Inside the Raketa Polar 0270 is the in-house-made manually wound Caliber 2623 which, in sincere retro style, is a 16-jewel movement that operates at 2.5Hz (18,000 bph) with a power reserve of 42 hours. Perhaps the most important detail on this limited edition watch, aside from all the authentic parts and design elements, is the text on the watch case and dial. It is, of course, in Russian, but nothing at all is in English. This is one of the few times I’ve held a modern watch that had no English on it, and I can say that it is quite rare. Remember, this is because the entire idea of the Raketa Polar 0270 was for the company to recreate, as faithfully as possible, a watch from 1970. The factory still has many of the same machines, at least one of the same team members, and reportedly all of the original technical drawings. It is quite interesting to see the outcome of such a project — one that is really only done for passion and funded by the zeal of the world’s watch collectors.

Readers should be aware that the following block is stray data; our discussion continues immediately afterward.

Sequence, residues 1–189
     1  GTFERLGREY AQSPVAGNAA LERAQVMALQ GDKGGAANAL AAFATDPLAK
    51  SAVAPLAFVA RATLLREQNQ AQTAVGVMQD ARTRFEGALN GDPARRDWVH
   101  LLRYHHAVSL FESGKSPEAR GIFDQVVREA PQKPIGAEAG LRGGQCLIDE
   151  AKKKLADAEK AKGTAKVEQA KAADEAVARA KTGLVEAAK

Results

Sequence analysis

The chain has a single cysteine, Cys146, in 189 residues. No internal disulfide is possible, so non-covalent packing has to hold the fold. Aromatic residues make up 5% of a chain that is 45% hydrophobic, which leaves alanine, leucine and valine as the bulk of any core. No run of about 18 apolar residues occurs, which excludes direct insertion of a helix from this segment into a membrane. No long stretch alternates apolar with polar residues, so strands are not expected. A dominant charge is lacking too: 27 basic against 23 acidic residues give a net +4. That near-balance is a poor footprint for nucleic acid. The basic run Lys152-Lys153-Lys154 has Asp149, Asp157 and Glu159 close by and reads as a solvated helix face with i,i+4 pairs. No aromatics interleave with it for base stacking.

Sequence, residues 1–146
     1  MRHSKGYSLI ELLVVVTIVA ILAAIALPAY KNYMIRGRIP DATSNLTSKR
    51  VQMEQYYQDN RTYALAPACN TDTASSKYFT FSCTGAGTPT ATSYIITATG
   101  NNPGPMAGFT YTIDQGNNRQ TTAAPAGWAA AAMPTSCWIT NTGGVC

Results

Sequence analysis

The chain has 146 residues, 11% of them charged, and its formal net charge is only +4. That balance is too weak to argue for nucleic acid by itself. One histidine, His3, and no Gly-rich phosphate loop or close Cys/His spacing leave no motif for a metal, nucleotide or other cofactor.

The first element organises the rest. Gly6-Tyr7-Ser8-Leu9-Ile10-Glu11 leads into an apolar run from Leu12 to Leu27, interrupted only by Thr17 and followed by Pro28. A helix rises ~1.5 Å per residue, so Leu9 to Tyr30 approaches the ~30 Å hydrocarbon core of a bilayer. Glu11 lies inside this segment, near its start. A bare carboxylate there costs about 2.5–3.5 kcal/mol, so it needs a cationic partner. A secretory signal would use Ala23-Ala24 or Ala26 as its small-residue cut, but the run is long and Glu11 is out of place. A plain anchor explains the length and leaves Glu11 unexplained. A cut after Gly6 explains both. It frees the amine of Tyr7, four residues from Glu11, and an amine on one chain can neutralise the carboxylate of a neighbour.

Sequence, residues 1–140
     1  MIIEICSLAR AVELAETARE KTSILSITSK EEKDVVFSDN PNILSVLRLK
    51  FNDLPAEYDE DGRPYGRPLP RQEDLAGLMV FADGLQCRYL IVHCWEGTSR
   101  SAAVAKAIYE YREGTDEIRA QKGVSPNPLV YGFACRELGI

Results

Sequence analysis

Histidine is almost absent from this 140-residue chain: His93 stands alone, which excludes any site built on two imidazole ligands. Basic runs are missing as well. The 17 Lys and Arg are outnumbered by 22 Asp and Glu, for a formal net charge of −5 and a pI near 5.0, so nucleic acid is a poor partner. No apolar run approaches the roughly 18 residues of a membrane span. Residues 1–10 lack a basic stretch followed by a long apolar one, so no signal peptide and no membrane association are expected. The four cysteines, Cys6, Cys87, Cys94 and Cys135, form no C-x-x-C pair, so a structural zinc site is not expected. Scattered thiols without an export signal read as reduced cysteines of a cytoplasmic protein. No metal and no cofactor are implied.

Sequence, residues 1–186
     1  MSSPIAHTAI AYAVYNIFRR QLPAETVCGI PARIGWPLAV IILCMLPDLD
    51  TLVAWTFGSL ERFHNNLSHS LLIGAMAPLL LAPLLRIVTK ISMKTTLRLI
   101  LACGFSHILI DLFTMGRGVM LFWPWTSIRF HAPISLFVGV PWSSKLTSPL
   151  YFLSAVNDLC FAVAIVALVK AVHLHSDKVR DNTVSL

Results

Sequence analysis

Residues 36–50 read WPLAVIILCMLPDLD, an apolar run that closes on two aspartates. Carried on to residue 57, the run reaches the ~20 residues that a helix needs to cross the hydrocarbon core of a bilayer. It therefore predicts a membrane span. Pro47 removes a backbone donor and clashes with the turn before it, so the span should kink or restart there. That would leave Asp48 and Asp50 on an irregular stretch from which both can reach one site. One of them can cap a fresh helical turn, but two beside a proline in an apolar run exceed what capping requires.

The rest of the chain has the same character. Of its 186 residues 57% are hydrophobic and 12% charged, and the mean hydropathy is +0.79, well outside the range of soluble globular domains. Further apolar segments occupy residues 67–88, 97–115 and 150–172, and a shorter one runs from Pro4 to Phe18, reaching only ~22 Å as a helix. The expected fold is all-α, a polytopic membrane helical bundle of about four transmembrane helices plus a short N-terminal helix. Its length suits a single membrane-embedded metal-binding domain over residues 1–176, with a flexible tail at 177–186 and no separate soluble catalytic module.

Raketa has stipulated that they will only produce 200 pieces of the limited-edition 2020 Raketa Polar 0270 reference W-09-11-10-0270 watch. The story of the re-issue pieces is compelling unto itself, but what really makes this  timepieces a watch guy’s watch is the backstory and authentic use in obscure professional scenarios. That, plus the unique design of the watch, will provide more than enough consumer interest. Raketa has a lot more “commercial” watches that they make, with pieces like the Polar being among the brand’s more uncommon limited-edition pieces. Price is 1,400 Euros (pre-order price is/was 1,120 Euros). Learn more at the Raketa website here.

Necessary Data
>Brand: Raketa
>Model: Polar 0270 reference W-09-11-10-0270
>Price: 1,400 Euros
>Size: 35mm-wide, ~12mm-thick, and approx. ~40mm lug-to-lug distance.
>When reviewer would personally wear it: Probably when among Russian natives who might have nostalgia associated with the watch brand and perhaps this specific model.
>Friend we’d recommend it to first: Watch collector interested in obscure vintage professional or Soviet watches.
>Best characteristic of watch: Story of the watch’s recreation and original purpose are really compelling. Unique take on the “vintage re-issue watch” separates this from other watch industry vintage-themed products. Uncommon design that has real historic significance. Hard to find modern watches at this size with a 24-hour dial (for those who are seeking one).
>Worst characteristic of watch: Price is fair for the work that went into it, but those who get this timepiece will need to understand that the theme of this watch will not make it feel as sturdy or durable as many other truly contemporary watches.